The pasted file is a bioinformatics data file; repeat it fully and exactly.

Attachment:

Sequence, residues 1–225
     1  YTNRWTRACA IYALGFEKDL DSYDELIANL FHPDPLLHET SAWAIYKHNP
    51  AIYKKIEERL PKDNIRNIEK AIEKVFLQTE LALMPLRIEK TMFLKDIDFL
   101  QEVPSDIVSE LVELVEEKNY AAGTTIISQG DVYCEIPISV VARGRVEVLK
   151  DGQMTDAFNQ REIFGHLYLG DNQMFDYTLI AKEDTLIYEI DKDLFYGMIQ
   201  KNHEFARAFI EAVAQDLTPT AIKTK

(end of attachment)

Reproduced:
Sequence, residues 1–225
     1  YTNRWTRACA IYALGFEKDL DSYDELIANL FHPDPLLHET SAWAIYKHNP
    51  AIYKKIEERL PKDNIRNIEK AIEKVFLQTE LALMPLRIEK TMFLKDIDFL
   101  QEVPSDIVSE LVELVEEKNY AAGTTIISQG DVYCEIPISV VARGRVEVLK
   151  DGQMTDAFNQ REIFGHLYLG DNQMFDYTLI AKEDTLIYEI DKDLFYGMIQ
   201  KNHEFARAFI EAVAQDLTPT AIKTK